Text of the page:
How It's Done: No Flaky Fish, Please

I am surprised that in Janet McCracken's beautifully photographed article ("The Sure-Thing Barbecue," May 20), you suggested cooking salmon to the point that it flakes. If there is anything in this country that has contributed to turning off generations of potential fish eaters, it is the suggestion to cook fish until it flakes.

The only thing this guarantees is that the fish will be overcooked and develop the characteristic sour fishy taste that most people dislike and is the main reason that chefs have developed hundreds of rich, strongly flavored, cloaking sauces over the years.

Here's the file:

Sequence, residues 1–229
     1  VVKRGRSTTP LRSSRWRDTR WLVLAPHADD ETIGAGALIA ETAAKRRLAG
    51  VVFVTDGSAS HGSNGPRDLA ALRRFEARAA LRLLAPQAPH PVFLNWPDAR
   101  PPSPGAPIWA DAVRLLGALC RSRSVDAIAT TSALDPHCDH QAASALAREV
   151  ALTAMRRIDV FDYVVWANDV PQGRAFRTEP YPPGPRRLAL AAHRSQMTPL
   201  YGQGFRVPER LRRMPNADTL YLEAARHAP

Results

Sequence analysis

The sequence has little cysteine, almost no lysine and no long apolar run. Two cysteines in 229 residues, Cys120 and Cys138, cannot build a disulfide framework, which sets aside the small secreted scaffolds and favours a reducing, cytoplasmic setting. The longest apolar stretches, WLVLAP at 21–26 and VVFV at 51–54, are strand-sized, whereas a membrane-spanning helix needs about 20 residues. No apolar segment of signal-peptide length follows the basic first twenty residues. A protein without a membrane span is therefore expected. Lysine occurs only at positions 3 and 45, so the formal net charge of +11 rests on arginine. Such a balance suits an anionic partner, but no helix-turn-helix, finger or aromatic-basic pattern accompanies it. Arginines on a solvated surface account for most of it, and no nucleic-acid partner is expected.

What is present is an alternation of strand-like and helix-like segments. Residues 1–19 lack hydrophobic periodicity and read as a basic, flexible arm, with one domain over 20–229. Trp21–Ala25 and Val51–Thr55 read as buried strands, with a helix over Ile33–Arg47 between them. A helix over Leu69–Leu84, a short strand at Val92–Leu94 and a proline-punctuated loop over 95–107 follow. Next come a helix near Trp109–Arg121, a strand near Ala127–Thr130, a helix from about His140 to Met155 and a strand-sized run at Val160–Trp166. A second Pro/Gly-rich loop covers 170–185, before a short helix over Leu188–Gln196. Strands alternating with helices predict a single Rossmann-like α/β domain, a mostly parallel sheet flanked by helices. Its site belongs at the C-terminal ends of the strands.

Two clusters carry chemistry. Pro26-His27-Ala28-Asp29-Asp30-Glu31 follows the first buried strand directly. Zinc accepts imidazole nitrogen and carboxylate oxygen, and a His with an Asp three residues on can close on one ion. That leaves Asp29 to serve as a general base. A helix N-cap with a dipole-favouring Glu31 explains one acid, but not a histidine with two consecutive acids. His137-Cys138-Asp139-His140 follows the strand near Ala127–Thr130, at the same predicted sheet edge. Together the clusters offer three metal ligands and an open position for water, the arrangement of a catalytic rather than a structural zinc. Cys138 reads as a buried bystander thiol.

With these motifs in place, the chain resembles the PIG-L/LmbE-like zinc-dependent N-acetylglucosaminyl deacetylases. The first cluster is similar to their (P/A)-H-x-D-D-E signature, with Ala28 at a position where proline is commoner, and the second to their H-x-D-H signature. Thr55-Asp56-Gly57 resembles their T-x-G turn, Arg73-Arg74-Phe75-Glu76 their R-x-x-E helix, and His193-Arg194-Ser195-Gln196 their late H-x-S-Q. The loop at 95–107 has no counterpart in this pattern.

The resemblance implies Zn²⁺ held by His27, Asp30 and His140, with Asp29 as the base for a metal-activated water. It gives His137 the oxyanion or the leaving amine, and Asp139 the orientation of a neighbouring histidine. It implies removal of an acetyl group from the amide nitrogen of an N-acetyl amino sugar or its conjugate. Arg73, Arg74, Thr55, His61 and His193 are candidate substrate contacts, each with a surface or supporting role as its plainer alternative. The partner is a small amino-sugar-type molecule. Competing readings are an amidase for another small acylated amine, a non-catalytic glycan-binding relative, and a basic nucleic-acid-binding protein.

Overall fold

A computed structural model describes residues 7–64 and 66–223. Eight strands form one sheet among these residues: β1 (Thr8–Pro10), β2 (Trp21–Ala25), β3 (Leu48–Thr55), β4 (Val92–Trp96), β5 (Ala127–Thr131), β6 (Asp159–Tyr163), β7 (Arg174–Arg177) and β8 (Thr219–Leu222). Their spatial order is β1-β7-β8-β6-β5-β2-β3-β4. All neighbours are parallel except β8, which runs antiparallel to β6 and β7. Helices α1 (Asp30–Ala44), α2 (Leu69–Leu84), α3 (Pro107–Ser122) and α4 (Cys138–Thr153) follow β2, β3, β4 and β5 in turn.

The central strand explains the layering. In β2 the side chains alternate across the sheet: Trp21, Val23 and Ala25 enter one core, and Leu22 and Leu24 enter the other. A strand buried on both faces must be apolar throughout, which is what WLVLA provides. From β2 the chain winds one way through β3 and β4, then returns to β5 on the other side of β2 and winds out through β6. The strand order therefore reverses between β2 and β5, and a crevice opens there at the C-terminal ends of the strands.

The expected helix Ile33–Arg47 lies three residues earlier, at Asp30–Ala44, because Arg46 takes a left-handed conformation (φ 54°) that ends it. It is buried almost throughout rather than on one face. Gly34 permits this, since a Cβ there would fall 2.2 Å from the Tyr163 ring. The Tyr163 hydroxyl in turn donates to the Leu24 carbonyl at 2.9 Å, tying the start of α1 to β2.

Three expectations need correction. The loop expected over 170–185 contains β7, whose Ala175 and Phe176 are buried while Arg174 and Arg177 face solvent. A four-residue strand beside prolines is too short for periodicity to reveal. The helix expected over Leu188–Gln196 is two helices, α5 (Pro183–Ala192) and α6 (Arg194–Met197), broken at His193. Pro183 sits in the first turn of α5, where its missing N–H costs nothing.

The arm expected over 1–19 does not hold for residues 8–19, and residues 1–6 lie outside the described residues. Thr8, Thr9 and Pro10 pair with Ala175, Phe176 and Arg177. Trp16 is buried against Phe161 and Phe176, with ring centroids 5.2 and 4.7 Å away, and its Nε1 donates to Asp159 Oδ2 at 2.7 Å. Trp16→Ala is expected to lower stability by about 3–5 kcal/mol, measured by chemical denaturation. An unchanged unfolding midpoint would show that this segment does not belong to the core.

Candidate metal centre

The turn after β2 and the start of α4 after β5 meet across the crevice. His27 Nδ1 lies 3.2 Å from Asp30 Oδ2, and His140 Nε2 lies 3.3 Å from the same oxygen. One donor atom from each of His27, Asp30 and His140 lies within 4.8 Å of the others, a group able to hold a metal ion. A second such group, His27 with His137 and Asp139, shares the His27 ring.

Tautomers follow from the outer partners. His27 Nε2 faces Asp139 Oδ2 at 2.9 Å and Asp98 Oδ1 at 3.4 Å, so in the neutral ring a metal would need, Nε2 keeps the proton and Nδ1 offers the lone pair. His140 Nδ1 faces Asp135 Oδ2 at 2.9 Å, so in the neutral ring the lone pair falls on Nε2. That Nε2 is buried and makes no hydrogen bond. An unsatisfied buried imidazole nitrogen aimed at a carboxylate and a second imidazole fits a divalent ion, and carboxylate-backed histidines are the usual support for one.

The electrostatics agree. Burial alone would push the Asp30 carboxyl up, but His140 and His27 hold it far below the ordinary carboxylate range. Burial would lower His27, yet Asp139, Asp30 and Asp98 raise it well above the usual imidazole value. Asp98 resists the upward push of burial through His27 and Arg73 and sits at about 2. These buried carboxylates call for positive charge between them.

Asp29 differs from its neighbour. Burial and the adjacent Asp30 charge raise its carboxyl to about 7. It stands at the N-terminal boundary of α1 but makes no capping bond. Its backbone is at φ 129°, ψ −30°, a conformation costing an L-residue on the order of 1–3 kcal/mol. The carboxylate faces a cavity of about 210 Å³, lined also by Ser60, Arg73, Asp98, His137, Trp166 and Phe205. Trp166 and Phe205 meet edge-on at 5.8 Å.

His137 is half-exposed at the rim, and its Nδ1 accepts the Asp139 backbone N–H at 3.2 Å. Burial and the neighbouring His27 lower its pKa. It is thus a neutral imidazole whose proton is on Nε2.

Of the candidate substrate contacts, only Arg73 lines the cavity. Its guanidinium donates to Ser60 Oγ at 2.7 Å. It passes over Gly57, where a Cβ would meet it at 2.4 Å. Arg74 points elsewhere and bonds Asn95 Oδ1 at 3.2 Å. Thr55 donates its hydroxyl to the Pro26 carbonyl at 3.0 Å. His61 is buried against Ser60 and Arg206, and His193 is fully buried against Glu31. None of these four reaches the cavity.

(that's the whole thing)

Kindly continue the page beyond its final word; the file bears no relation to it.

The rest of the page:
My way of testing the doneness of fish is to insert a paring knife between the layers of flesh and hold it to my lip. If it is warm, the fish is moist and done; if it is lukewarm, it is undercooked; and if it is hot, the fish is overcooked and probably quite "flaky." This method is foolproof and doesn't disturb the appearance of the fish on presentation.


Long Beach


I just want to say thank you for the enjoyment my family and I had from "The Sure-Thing Barbecue" menu. I went to Home Depot to buy a cedar plank, and they thought I was !!!??("You're not going to build a fence? You want to cook salmon?" "Yes," I said.) The Asian Coleshaw was great and so were the potatoes.

When it was time to cook the salmon, my father-in-law was ready to take over. He saw what I was doing and said what the . . . . The salmon was good and so was the day.



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